GM U-Body Minivans

2003 AWD Pontiac Montana Thunder service and maintenance guide

Common issues resolved via text/photo/video; includes links to all required parts. Applies to 1997-2005 Chevrolet Venture, Oldsmobile Silhouette, Pontiac Trans Sport, Opel Sintra, Vauxhall Sintra, Pontiac Aztek, Buick Rendezvous.

A 3/4 rear photo of 2003 AWD Pontiac Montana Thunder at sunset, overlooking SFO bay.A photo of 2003 AWD Pontiac Montana Thunder shown on a screen of a 2016 Razer Blade laptop; next to the computer is one of the heads from the van.

GM 3400 SFI engine rebuild

As you rebuild the engine and work out all the issues, be prepared to have the vehicle down for 1-2 weeks. Depending on environment and experience, job can also be accomplished in as little as a weekend.

2003 AWD Pontiac Montana Thunder engine bay

As you take things apart, be sure to organize hardware into separate Ziploc bags and mark them up with appropriate names. After you do this job 3-4 times, you'll know every one of the bolts and nuts. Use below GM 3400 SFI reference shots of a pulled engine... for reference (helped me).

GM 3400 SFI engine reference shot
GM 3400 SFI engine reference shot
GM 3400 SFI engine reference shot
GM 3400 SFI engine reference shot

GM 3400 SFI engine main electrical harness and sensors

GM 3400 SFI engine diagram of main components and sensors.

This photo of intake manifold sums up the state in which the engine was. I washed it, cleaned it with a brush in hard-to-reach areas, and painted it using high-heat paints. I chose to stick to 'factory look'.

Pontiac Montana Thunder engine manifold restoration

While cleaning the cylinders/block, be sure not to create scratches. Use a non-metal dish scrub and a degreaser.

Pontiac Montana Thunder engine cleaning the cylinders
Pontiac Montana Thunder engine cleaning the 1, 3, 5 cylinders

Fuel pump replacement procedure:

  1. Drive until tank is empty.
  2. Use ramps/jack(s) to elevate rear end.
  3. Disconnect negative terminal (8 mm).
  4. Open gas cap to relieve pressure.
  5. Disconnect filler hose from tank (6mm).
  6. Disconnect fuel filter line from tank (use towel and tray to prevent gas leakage).*
  7. Remove 3 tank strap bolts (15mm; rear two require long socket and extension). Swing straps down without disconnecting them.
  8. Lower tank very gently.
  9. Disconnect remaining connections (gas/sensors). There is no need to disconnect one of the long electrical harnesses if you are doing the job on the ground, as it gives you enough length to pull tank out.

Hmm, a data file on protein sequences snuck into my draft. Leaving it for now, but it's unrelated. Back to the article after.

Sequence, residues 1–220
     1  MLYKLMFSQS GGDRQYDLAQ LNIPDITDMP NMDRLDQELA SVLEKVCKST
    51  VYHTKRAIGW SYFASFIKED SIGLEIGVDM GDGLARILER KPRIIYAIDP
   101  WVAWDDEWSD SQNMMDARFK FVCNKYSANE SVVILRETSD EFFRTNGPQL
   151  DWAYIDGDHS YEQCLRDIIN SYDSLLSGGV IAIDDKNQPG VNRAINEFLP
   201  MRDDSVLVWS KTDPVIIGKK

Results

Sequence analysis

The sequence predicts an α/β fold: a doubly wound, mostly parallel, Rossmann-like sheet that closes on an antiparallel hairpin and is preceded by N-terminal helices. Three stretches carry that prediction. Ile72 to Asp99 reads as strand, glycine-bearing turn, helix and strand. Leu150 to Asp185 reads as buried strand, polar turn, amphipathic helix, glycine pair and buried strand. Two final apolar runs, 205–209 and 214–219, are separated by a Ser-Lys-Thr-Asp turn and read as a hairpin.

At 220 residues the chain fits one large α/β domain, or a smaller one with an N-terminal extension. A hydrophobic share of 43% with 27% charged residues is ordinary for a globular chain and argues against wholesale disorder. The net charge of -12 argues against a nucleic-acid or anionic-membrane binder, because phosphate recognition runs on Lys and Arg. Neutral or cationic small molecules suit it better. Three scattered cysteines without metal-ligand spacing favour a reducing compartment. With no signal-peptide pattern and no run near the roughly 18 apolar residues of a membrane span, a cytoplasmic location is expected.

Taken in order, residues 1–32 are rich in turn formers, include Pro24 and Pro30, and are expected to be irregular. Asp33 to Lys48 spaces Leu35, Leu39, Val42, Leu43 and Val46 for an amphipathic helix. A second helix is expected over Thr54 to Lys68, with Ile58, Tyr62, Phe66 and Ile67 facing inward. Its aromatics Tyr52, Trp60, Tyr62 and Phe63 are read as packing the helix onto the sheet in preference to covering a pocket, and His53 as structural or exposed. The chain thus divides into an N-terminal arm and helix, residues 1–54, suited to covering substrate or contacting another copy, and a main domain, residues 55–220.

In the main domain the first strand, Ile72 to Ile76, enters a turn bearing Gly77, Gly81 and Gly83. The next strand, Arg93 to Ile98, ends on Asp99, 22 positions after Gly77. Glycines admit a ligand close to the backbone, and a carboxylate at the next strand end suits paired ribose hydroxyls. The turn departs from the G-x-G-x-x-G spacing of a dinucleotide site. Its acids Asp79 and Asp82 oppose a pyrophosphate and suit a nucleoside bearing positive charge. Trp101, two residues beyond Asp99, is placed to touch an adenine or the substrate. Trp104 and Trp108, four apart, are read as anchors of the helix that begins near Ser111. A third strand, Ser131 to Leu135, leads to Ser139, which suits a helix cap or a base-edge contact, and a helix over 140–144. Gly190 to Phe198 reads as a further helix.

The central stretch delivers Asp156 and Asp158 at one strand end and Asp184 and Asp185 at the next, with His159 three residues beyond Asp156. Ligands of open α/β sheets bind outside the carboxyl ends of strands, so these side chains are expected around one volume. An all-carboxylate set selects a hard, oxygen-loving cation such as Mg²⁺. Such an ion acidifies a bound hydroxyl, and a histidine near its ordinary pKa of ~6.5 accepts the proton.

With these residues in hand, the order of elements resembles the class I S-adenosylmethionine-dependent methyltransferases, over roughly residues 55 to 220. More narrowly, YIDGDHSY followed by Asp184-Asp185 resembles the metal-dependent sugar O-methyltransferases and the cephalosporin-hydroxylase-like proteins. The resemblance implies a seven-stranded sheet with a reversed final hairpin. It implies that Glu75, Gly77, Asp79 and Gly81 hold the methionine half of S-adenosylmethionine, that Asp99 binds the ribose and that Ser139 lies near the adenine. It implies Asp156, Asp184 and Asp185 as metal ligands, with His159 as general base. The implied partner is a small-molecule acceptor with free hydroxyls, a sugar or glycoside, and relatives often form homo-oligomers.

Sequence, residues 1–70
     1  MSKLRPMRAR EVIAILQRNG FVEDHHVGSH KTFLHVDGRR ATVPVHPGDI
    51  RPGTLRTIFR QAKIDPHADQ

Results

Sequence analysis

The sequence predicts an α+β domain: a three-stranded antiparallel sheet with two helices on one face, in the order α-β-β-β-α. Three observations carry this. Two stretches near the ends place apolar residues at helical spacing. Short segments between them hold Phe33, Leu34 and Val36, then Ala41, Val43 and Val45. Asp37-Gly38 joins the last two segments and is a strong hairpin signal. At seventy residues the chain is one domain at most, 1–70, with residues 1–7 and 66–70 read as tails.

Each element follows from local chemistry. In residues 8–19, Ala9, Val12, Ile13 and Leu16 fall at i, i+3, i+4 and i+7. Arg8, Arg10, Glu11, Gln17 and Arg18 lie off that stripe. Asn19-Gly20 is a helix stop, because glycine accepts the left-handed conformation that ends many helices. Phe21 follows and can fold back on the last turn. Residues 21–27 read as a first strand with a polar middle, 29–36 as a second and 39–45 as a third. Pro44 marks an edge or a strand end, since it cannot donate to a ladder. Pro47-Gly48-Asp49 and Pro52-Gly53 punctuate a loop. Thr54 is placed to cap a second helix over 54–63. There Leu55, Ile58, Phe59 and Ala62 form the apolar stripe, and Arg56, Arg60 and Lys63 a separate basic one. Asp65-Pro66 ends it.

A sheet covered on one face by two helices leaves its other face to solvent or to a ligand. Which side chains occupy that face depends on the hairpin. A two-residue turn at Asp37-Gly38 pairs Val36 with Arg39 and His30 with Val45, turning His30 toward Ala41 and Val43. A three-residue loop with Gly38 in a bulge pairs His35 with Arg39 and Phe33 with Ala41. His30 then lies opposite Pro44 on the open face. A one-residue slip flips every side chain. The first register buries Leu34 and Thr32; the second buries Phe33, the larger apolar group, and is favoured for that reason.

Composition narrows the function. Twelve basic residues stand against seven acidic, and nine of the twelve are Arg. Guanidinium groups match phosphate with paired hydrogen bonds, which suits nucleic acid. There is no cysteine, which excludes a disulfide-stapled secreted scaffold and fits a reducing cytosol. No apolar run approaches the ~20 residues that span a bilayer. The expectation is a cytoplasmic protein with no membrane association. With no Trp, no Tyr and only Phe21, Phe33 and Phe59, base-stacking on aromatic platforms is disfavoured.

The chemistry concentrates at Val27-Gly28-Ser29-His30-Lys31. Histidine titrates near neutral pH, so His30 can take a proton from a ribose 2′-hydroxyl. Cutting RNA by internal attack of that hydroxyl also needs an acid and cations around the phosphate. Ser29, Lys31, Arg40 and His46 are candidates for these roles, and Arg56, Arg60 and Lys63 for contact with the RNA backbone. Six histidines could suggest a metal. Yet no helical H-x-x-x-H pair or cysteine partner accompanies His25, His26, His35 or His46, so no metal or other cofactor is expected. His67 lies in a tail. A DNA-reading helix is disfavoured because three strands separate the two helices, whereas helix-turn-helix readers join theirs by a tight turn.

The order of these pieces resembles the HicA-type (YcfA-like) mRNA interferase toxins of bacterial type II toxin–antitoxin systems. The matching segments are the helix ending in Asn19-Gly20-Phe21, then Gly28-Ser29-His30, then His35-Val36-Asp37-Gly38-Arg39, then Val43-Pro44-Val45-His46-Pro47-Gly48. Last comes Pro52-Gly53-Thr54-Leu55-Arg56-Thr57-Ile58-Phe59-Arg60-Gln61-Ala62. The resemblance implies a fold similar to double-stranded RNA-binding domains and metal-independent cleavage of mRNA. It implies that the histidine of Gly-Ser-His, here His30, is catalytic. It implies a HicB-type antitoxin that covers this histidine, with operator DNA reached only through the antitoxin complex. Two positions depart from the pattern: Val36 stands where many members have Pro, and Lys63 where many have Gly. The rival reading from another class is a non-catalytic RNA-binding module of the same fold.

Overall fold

10. Move tank off to a clean area with adequate room for work/inspection.
  11. Thoroughly wash around fuel pump to remove any dirt.
  12. Replace pump.
  13. Reconnect pump.
  14. Strap and secure the tank. Straps are flexible enough to be bent a little in order to get them to wrap around tank/between drive shaft and heat shield (AWD).
  15. Reconnect filler hose.
  16. Remove engine to fuel filter gas line (use towel).
  17. Replace fuel filter (mind direction/position). Transfer plastic clips from old one.
  18. Reconnect fuel lines.
  19. Reconnect negative terminal.
  20. Turn ignition on and let pump engage. Wait at least 5 seconds before starting.

*Ideally you properly relieve pressure with a special tool by connecting to a port in the fuel rail.

Oil filter coolant hose replacement:

While it is easy to remove the coolant hose connecting your oil filter to the block (by pulling with needle-nose pliers, it might not be so easy to install the hose back. Here's how you do it:


  1. Remove plastic lip using 10mm socket (×4 screws). Most of the work will be done under the engine bay.
  2. Drain coolant. Use radiator plug at the bottom of radiator (driver side). Position a drain pan under radiator.
  3. Move the drain pan under oil filter.
  4. Move clamps off of the hose using pliers.
  5. Remove the old hose using pliers and let the remaining coolant drain.


  1. Make sure new hose is the same length as previous.
  2. Install clamps onto both metal outlets/pipe ends.